Ryan Christie is hoping to follow Callum McGregor into the Celtic first-team by getting the most that he can out of his current loan spell away from the club.

McGregor was farmed out to English side Notts County on loan back in 2013, and returned to Celtic a more accomplished player for the experience.

Christie is hoping that his own second temporary spell at Aberdeen can do the same for him after already propelling him into the Scotland squad, earning his first cap for his country last Thursday against The Netherlands under interim manager Malky Mackay.

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And he will be going back to Celtic in the summer with a point to prove after honing his game at Pittodrie under the watchful eye of manager Derek McInnes.

“Callum is a good example,” Christie said. “Playing alongside him during the Scotland gathering, you can see that he is an exceptional player.

“He is so gifted on the ball and you look at the way he has come through at Celtic.

“He had to go away to England to get games and progress.

“It shows that, when you do out on loan, it doesn’t mean that you are on the road out of that club.

“You can see how Callum has kicked on. He looks like one of the Top 10 players at Celtic right now and that’s great for him.

“It’s also good for me to look at him, look at his road and try to replicate it.

“Playing week in and week out helps my belief instead of sitting there on the sidelines and thinking that I’m not good enough.

“Playing for Scotland helps confidence, it shows that I might be able to go back to Celtic and prove a point.”

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One of the key things that Christie believes will stand him in good stead upon his return to his parent club, is that he is already getting a taste of dealing with pressure and expectation week-in, week-out at Aberdeen.

While not on the same level as the demands placed upon players at Celtic, Christie says the expectant Dons crowd are toughening him up and helping him to play with that weight on his shoulders.

It has given him the confidence to step up and try to be one of the main players for his team, rather than just a youngster who looks to make an impact from the bench or someone simply making up the numbers.

“There are demands at Aberdeen,” he said. “It’s one of the main reasons why I chose to go on loan.

“I’m not saying it is as big as Celtic, but there is still that pressure and expectation to win games week in and week out.

“It was key that I had that pressure placed onto me every game. That experience helps me and that I can deal with it.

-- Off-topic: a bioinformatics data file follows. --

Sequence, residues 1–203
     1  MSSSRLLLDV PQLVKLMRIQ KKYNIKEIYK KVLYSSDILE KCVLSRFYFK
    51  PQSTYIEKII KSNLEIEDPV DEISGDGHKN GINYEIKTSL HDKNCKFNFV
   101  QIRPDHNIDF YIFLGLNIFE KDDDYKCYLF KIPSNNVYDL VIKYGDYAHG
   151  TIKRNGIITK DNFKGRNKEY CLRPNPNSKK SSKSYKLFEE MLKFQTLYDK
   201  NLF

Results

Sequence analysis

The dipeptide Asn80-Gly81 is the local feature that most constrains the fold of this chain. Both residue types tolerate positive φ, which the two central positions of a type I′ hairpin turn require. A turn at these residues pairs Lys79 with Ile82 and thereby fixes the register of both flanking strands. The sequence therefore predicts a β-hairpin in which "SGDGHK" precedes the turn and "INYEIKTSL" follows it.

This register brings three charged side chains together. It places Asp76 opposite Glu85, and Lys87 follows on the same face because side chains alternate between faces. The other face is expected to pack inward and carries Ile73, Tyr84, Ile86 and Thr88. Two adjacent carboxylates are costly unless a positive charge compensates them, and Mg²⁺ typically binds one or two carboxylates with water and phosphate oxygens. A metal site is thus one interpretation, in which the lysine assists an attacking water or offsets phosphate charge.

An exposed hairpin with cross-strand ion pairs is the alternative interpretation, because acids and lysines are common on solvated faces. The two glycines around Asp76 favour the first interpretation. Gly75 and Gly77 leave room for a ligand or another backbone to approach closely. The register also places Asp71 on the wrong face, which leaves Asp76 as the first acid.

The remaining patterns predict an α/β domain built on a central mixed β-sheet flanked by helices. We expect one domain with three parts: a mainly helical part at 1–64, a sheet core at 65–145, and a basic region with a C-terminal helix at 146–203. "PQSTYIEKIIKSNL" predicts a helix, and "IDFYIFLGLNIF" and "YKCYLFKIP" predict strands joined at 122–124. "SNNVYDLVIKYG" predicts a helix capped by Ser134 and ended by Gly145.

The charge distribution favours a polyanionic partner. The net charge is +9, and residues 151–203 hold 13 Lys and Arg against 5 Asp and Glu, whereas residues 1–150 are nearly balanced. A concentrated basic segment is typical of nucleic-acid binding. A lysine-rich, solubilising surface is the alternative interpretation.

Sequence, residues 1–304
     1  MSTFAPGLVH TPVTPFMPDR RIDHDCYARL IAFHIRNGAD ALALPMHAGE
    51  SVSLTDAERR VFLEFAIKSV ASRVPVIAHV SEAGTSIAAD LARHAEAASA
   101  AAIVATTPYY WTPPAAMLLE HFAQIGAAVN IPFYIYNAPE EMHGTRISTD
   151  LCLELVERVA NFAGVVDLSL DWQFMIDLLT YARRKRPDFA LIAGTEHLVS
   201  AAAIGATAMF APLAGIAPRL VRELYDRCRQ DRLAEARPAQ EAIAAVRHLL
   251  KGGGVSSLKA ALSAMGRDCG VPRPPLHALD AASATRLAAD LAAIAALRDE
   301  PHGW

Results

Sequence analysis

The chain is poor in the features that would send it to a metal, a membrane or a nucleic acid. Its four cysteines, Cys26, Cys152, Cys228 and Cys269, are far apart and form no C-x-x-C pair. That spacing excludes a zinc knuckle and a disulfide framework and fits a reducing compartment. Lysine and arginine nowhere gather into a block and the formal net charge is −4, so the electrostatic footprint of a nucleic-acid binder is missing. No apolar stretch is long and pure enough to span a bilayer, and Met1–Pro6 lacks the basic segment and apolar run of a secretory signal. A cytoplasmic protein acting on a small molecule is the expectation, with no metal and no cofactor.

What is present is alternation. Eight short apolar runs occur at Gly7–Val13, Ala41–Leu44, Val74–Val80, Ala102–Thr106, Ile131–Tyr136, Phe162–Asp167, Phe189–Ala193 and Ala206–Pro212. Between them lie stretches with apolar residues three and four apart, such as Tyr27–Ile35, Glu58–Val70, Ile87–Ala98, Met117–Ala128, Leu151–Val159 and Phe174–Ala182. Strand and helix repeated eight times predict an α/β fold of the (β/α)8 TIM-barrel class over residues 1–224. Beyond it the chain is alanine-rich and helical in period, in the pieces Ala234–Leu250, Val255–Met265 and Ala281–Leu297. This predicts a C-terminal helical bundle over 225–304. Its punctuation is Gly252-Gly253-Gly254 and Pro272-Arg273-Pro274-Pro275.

“I’ve felt this season and the end of last season, I can make myself a key player in teams instead of going back to being a shirt-filler.

“I’m feeling confident that I can be the one people look at to influence or change a game.

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“It’s nice to have that confidence and I’m lucky I have it at Aberdeen.

“Everyone talks about when you go out on loan and getting game time, but it has really helped me to be playing every week.

“I’m really loving my football in Aberdeen with the way we are playing.

“It is showing. My performances at the beginning of the season were a bit up and down and my consistency is something that I need to work on.

“I need to make sure I’m churning out good performances on a weekly basis.

“If I can get consistent at the top of my game, I’ll be happy.”

Christie’s development took another step forward with his maiden appearance for the national side, turning in a creditable display on his international bow at the venue where he currently struts his stuff at club level.

He is hoping that both he and his Aberdeen teammates can stay in the reckoning for the next set of friendly fixtures when they come around in March, and he says that the fact they are involved at such a level at all is testament to the progress that Derek McInnes’s side have made.

“Playing for Scotland was a brilliant experience,” he said. “There were a few of us made debuts and showed we can make the step up. I hope we didn’t look out of place.

“Having three Aberdeen players in the squads shows we have made the step up.

“It felt good. I felt like I could affect the game, which was good.

“Playing for Scotland, I now have to make sure I kick-on and return to club level and keep my performances as high as I can week in and week out.

“The gaffer was speaking about more friendlies being arranged, so the aim is to do well for Aberdeen and ensure that my face remains in the picture for the international scene.”